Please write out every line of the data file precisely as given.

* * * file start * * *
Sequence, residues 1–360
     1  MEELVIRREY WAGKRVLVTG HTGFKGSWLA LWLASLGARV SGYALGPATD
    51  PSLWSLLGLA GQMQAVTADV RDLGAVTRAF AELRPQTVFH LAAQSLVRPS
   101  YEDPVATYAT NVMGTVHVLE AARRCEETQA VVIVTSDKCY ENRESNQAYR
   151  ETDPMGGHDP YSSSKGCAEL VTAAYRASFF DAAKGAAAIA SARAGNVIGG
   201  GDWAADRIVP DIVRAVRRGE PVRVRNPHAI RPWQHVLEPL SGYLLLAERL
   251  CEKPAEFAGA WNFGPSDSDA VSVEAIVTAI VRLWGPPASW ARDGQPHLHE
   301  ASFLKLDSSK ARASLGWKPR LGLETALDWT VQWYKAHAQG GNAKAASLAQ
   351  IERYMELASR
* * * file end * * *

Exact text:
Sequence, residues 1–360
     1  MEELVIRREY WAGKRVLVTG HTGFKGSWLA LWLASLGARV SGYALGPATD
    51  PSLWSLLGLA GQMQAVTADV RDLGAVTRAF AELRPQTVFH LAAQSLVRPS
   101  YEDPVATYAT NVMGTVHVLE AARRCEETQA VVIVTSDKCY ENRESNQAYR
   151  ETDPMGGHDP YSSSKGCAEL VTAAYRASFF DAAKGAAAIA SARAGNVIGG
   201  GDWAADRIVP DIVRAVRRGE PVRVRNPHAI RPWQHVLEPL SGYLLLAERL
   251  CEKPAEFAGA WNFGPSDSDA VSVEAIVTAI VRLWGPPASW ARDGQPHLHE
   301  ASFLKLDSSK ARASLGWKPR LGLETALDWT VQWYKAHAQG GNAKAASLAQ
   351  IERYMELASR